Tudor Education was generally designed for boys of the Upper and Middle Classes. However, there were some girls notably Royalty or Nobility who were also given and education. The education of girls such as Lady Jane Grey and her sisters, Princess Mary and Princess Elizabeth was outstanding covering the subjects taught to the boys of the era. Other less fortunate and less wealthy Tudor girls were provided with little education and their skills were focussed on life in the home.
Tudor Education for Girls
The education of most Tudor girls were focussed on non-academic subjects according to their rank and status. Lessons provided to the Middle Class girls included sewing, embroidery, dancing, music, archery, riding and hunting. Tudor education for girls of the Lower classes were of a totally practical nature and these girls would not have attended school or received any formal type of education. It was important for Tudor girls to learn how to govern a household and become skilled in all housewifely duties in preparation for the only real career option for a girl which was marriage. Above all Tudor Girls would be taught obedience to the male members of the family.
Tudor Education at Home
The basic principles of a wealthy Tudors education would be started in the home and taught by those responsible for raising the children . The basic elements of early education was conducted up to the age of seven and included the following:
Respecting their mother and father
Religion - Rising early in the morning and saying their prayers
Table Manners - it was important to learn the correct behaviour at table from eating small morsels, chewing properly, using a knife and using a napkin
Tudor Children would also be taught their 'place' in society which included where they should sit at the table
Basic skills in grammar, reading and writing
Between the ages of 5 and 7 the education of wealthy Tudor children was undertaken by private tutors. Middle class children were taught at schools.
Tudor Education - the Petty Schools
The most elementary level of education for Middle class boys was conducted at what was called a ' Petty School '. The education was conducted not in a school but in the house of a teacher. The word ' petty ' probably derives from the French word ' petit ' meaning little or small. The Tudor Petty schools were run by a local, well educated housewife and the Petty schools were also referred to as 'Dame Schools'. The education provided at the Petty School ' consisted of being taught to read and write English, learn the catechism and also learn lessons in behaviour.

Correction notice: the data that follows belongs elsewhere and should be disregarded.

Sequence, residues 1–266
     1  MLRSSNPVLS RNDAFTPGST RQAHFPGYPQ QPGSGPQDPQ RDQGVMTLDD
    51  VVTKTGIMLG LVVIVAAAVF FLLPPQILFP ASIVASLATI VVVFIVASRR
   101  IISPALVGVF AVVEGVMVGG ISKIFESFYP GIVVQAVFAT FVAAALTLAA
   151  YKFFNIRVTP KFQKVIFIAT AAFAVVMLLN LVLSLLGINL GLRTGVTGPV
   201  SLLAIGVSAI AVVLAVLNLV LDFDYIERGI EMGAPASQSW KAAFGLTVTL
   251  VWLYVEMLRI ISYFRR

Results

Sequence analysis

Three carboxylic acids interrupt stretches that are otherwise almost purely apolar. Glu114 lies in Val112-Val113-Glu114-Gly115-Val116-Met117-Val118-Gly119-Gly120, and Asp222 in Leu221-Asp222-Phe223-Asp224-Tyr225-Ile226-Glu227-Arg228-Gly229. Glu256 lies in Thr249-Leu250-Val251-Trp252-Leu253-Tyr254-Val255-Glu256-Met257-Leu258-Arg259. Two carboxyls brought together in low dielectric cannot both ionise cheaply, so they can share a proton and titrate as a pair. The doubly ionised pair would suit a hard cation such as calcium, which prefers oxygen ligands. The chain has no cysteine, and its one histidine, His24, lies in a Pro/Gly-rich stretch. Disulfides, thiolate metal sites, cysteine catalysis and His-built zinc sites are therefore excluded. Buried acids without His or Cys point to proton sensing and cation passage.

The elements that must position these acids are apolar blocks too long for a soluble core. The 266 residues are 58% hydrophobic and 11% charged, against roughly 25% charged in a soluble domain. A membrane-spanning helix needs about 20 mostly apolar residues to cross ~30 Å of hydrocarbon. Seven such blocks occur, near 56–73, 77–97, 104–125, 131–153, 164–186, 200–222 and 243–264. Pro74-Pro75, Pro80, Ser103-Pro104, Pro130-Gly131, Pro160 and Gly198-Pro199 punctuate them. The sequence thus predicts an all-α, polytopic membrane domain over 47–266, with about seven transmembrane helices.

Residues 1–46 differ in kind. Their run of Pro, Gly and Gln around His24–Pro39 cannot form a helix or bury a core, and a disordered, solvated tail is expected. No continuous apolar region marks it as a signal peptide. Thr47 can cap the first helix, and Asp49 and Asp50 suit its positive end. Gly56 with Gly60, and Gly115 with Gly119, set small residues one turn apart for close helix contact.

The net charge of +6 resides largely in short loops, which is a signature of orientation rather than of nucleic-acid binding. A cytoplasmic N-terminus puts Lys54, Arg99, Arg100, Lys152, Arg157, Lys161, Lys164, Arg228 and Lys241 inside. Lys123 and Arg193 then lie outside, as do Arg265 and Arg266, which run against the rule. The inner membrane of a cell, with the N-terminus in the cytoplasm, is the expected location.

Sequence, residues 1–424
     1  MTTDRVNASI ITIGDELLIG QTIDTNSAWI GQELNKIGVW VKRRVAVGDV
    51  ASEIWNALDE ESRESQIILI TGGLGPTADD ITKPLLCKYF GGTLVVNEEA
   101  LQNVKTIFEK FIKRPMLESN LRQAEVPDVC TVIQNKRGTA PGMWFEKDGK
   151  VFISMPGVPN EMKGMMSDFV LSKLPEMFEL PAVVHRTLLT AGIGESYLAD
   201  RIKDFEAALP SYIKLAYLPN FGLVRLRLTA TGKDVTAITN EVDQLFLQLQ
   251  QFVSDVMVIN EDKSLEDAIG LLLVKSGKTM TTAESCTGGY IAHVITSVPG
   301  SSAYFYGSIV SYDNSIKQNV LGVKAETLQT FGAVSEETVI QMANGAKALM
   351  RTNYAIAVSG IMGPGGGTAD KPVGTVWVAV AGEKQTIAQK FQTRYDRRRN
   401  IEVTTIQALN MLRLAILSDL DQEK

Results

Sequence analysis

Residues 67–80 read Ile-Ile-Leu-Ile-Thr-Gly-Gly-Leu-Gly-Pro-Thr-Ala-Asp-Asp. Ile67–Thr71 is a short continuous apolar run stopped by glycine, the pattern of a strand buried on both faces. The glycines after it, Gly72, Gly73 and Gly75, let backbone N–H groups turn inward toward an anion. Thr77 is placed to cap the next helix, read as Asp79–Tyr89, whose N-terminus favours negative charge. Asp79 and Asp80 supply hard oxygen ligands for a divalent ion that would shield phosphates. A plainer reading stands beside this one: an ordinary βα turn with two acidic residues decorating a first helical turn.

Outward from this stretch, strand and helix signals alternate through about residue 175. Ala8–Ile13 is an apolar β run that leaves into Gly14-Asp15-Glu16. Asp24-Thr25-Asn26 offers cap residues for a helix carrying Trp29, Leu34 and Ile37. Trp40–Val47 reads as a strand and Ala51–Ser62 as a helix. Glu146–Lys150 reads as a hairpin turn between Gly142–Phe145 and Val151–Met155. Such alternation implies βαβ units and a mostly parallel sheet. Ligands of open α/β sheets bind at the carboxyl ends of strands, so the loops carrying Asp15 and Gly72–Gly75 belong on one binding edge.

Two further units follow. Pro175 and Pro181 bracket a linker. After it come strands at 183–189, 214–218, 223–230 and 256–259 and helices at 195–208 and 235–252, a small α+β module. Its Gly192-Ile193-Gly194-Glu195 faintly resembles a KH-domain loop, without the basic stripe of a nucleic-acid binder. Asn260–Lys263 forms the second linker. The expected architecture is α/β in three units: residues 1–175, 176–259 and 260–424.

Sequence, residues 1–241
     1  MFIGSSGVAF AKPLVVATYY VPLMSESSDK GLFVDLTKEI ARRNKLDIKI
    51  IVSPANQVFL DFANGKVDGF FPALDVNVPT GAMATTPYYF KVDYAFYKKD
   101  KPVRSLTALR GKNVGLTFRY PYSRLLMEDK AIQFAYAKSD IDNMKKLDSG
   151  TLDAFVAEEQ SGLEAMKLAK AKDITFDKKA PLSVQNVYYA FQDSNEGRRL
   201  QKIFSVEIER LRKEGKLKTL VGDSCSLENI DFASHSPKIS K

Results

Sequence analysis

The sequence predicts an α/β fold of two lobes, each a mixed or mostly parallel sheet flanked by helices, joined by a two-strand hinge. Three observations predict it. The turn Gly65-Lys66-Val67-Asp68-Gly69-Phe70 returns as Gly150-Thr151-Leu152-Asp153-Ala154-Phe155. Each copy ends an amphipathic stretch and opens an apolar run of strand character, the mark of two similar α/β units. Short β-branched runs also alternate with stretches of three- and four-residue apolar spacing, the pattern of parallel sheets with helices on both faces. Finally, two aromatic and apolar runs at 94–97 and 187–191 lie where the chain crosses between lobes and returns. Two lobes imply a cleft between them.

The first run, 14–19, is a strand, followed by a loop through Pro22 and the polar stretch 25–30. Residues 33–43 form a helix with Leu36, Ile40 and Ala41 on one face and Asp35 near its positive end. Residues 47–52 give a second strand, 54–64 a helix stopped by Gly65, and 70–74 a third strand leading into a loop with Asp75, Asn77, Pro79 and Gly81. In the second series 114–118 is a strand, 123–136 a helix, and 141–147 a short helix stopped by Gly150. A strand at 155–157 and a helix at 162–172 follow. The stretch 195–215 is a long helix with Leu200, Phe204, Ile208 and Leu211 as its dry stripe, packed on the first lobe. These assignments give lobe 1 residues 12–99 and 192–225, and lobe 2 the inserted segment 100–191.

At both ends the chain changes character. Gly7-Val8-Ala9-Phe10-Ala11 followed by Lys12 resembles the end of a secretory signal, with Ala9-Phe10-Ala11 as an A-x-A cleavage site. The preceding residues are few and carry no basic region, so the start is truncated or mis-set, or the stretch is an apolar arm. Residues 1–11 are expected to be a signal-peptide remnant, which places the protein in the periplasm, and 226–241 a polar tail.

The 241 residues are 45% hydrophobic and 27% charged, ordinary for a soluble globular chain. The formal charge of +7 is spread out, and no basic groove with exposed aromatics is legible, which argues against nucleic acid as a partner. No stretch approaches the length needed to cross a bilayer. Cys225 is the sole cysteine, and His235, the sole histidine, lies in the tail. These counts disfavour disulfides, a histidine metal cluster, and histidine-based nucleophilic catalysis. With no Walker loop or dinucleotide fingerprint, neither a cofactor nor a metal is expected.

Tudor Education - the Grammar Schools
From the age of 7 to 14, Middle class children were educated at Grammar Schools which were usually financed by the local Guild. The rudiments of Latin were taught with the assistance of the Tudor text-book known as Lily's Latin Grammar. A horn-book and the Tudor alphabet were the tools used to provide this basic level of Tudor education. Lily's Latin Grammar provided an introduction to grammar and was compiled by William Lily. Lily's Latin Grammar had been authorised by King Henry VIII as the sole Latin grammar textbook to be used in education and schools. In 1558 a child's speller was written in England as spelling consistency gradually emerged. Tudor education at the Grammar schools adhered to the following educational regime:
Tudor education for those aged 7 - the curriculum would have consisted of learning parts of speech, verbs and nouns
Tudor education for those aged 8 - the boys would be taught the rules of grammar and sentence construction
Tudor education for those aged 9 - Tudor education concentrated on English-Latin and Latin-English translations
Between the ages of 10 and 14 Tudor education focussed on the following lessons:
Latin to English translations
Literature including the works of the great classical authors and dramatists, such as Ovid, Plautus, Horace, Virgil and Cicero
Occasionally the study of history, astrology and Greek
A similar range of different lessons were taught by the tutors of wealthy Tudors as part of a standard curriculum. These studies included various languages, grammar, theology, history, rhetoric, logic, philosophy, arithmetic, literature, geometry, religion and music. At 14 the Tudor education continued at University.
Tudor Education - University Education
Oxford University or Cambridge University were the most popular choices to complete the Tudor education. A classical Tudor education would have been provided at universities including the following choices of subjects:
Education in the Arts would have included Philosophy, Rhetoric, Poetics, Natural History education etc.
The Liberal Arts would have included Grammar, Logic, Music, Astronomy, Arithmetic and Geometry
Theology concentrating on a religious education
Medicine including the study of Hippocrates, Galen, Arabic and Jewish medical texts
Education in Law
The final part of a wealthy Tudor Education might include a tour of the major cities of Europe. Travelling to other countries required permission from the monarch therefore it was usually only the nobility were able to travel abroad.
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